The 100-year story of how a nation that feels poor got rich
You can learn a lot about somebody by looking through his receipts. Is he rich? Is she poor? Where does he shop? What does she value?
Alas, the U.S. economy doesn't come with a receipt. GDP tells us how much stuff we produce. GDI, or gross domestic income, tells us how much money we make. But these numbers don't tell us what the economy looks like from the viewpoint of a typical household.
Fortunately, we have something that's very close to an aggregate receipt for the American family going back more than a century: "100 Years of U.S. Consumer Spending", a report from the Bureau of Labor Statistics.
This is our story today: It is a story about how spending on food and clothing went from half the family budget in 1900 to less than a fifth in 2000.It is a story about how a nation that feels poor got so rich. Here's the big picture in one chart showing the share of family spending per category over the 20th century. The big story is that spending on food and clothes has fallen massively while spending on housing and services has gone up.
HOW WE SPEND: 1900
The year is 1900. The United States is a different country. We are near the end of the Millennium, but in the "warp and woof of life," we are living closer to the 1600s than the 2000s, as Brad DeLong memorably put it. A quarter of households have running water. Even fewer own the home they lived in. Fewer still have flush toilets. One-twelfth of households have gas or electric lights, one-twentieth have telephones, one-in-ninety own a car, and nobody owns a television.
So where are we spending all our money? Most of our income goes to the places where we work -- to the farm, to the textile mills, and to the house. The typical household haul in 1901 is about $750.
Families spend a whopping 80% of that on food, clothes, and homes.
In 1900, seen from perch of the Bureau of Labor Statistics -- which counts national jobs, income and spending -- the United States is like one big farm surrounded by a cluster of small factories. Almost half of the country works in agriculture. As for the budding services economy: There are more household servants than sales workers. As for the women's rights movement: More than twice as many households report income from children (22%) than wives (9%).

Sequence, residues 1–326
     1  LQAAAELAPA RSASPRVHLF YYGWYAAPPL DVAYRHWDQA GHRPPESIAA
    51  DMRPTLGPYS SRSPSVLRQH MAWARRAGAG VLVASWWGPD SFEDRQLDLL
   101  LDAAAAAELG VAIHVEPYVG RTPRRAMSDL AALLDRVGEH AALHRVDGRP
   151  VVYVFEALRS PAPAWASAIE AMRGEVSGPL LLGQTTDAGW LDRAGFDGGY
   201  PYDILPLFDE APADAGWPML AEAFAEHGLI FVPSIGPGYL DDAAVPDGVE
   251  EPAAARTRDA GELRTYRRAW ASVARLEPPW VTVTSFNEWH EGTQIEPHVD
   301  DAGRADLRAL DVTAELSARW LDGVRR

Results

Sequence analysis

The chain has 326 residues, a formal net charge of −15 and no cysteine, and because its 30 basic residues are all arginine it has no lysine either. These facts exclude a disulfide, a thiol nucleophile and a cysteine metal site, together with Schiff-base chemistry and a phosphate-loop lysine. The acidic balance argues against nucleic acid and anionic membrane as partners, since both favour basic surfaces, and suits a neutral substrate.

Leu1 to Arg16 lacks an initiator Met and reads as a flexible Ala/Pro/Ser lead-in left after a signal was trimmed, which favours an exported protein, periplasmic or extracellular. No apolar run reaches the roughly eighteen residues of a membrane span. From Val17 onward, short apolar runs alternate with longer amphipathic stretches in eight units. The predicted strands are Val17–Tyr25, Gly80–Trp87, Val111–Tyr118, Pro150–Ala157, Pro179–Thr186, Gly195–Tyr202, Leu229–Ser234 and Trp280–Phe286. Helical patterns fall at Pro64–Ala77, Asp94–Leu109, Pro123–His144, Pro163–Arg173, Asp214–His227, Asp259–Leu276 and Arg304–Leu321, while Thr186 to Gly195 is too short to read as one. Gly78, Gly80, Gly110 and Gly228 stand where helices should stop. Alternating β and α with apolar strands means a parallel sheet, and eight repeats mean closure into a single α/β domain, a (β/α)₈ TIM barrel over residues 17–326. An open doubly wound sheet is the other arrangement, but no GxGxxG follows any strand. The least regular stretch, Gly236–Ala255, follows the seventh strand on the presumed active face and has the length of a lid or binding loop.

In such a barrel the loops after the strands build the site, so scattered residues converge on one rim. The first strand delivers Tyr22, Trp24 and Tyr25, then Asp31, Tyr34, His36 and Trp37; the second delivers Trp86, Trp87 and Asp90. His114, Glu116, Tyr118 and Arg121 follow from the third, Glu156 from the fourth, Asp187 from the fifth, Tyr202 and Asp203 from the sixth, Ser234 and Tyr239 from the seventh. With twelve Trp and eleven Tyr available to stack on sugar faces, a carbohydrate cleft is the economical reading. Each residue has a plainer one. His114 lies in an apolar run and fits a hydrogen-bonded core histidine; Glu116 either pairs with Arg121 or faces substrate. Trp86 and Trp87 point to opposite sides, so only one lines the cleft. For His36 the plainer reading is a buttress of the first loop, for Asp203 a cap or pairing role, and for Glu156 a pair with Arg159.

Over the next 100 years, the U.S. family got smaller, more reliant on
working women and computers, less reliant on working children and farms,
and, most importantly, much richer. About 68-times richer, in fact.
Household income (unadjusted for inflation) doubled six times in the 20th
century, or once every decade and a half, on average.
But to appreciate the transition in full, let's first meet it halfway.
HOW WE SPEND: 1950
The year is 1950. Compared to just five decades earlier, the United States is already a different country. The population has doubled to 150 million. The economy's share of farmers has fallen from 40% to 10%, thanks to the mechanization of the farm, led by the mighty tractor. At the same time, food has gotten much cheaper compared to wages, and its share of the family budget has declined from 43% to 30%.
Meanwhile, the "making-stuff" economy is at its apex. Nearly half of working men are craftsmen or operators. (The female labor participation rate is still below 20%.) Factory wages have grown by seven-fold since 1901, and they've nearly tripled since the Great Depression. Textile manufacturing has never been higher and will never be higher. The year 1950 is its exact peak. Apparel manufacturing would grow through the 1970s before collapsing in the last third of the decade. The U.S. was the making-stuff capital of the world, and our dominance probably felt indefinite.